Fouché had never made Pinotage before, but was drawn to a fresher, new-wave style. From the get-go, the grapes have hailed from a dryland bush vine site planted in 1973. Fouché says her approach is to do two separate pickings in a bid for complexity, character and depth. Vinification generally stays the same with some varying components for each vintage. The 2020 consisted of whole berries, with 15 per cent whole-cluster fermented. The wine was left on the skins for seven days before pressing to old 300L and 500L barrels to rest for 10 months before bottling. The 2021 will be released in May 2022, a cycle she uses for all her wines.
From the 2020 vintage she added a Grenache Blanc as well as a Grenache Rosé to the Wolf & Woman range, further extending it in 2021 with a Syrah. The latter is a blend of grapes grown from the three main soil types in Swartland: shichst, iron and granite. For this, Fouché employed 100 per cent whole bunch, natural fermentation, and matured the wine in old 500L barrels, as well as 40 per cent concrete. It’s not yet been released, but there’s already a groundswell of excitement around it.
But from the beginning, the star of the range has been the Chenin Blanc. Tim Atkin MW called the 2018 debut his ‘White Wine Discovery of the Year’ in his South Africa 2019 Special Report, and Jancis Robinson MW named the 2019 one of her ‘Chenin Champions’ in the Financial Times.
To demonstrate its evolution, Fouché has uncorked a vertical for us on her porch. ‘It’s always about the soils,’ she says. ‘When I stand in the vineyard, I can already sense the wine.’ It’s this instinctive approach that has led her to blending from plots with different soil types. The 2018 is a 50/50 split between iron and granite. ‘The iron gives you voluptuousness, roundness; while the granite with its fresh, linear structure cuts right through.’ Fouché smiles, her eyes lighting up: ‘What I love is that phenolic grip that you seem to get on all the Paardeberg Chenin.’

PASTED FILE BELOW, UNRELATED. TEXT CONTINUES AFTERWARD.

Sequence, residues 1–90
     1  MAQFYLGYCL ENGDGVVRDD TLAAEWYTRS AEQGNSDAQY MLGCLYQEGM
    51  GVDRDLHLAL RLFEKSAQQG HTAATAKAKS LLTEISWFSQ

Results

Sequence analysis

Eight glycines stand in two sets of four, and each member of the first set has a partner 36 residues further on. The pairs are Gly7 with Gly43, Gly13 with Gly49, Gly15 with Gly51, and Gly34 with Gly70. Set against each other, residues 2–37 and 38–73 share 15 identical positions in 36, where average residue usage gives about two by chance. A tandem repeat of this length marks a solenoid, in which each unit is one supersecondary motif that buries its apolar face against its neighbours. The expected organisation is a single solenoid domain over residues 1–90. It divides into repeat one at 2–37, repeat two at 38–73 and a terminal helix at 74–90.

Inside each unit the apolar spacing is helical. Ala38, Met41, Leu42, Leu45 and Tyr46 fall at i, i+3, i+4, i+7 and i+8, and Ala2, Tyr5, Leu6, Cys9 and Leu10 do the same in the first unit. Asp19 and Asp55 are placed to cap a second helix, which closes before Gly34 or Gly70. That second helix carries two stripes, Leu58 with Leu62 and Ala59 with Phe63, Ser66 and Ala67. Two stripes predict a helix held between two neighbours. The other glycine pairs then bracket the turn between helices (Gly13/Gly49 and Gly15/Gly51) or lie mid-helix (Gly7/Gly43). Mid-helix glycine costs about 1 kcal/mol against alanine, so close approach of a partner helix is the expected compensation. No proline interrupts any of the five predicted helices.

The 2019 presents cooler with top notes of ethereal elderflower, white pear and ruby grapefruit, characteristic of the vintage and of earlier picking, but also from the ‘granite fruit’ component. With a rise in the use of granite-grown Chenin, the 2020 is utterly vibrant with aromatics of pure, clean stone fruits and crushed rock. The not-yet-released 2021 is still very primary but undeniably attractive, scented with white blossom and jasmine tea. Sourced from five different vineyards it will be the first of her wines to bear the Old Vine Project seal.
‘Part wolf, part woman’, Fouché is always exploring, and has something else up her sleeve this harvest. Rosa Kruger, one of South Africa’s most celebrated viticulturists, introduced her to a site in the altitudinous Piekenierskloof; a 60-year-old Chenin Blanc vineyard at 500 metres above sea level. ‘The vines are these amazing, tall bush vines,’ explains Fouché. ‘I call them trees as they come up to my shoulders.’
‘The conditions are extreme,’ she adds, showing me a photograph of the vines cloaked in mist. ‘Last year, the grapes weren’t healthy enough, but this year looks promising. We’ll see how it turns out.’
As the author and Fouché’s inspiration Clarissa Pinkola Estés wrote: ‘If you don’t go out in the woods, nothing will ever happen and your life will never begin.’ For Fouché, the woods may look a little different; hers rather venerable old vines growing on schist, iron and granite. But the sentiment is very much the same.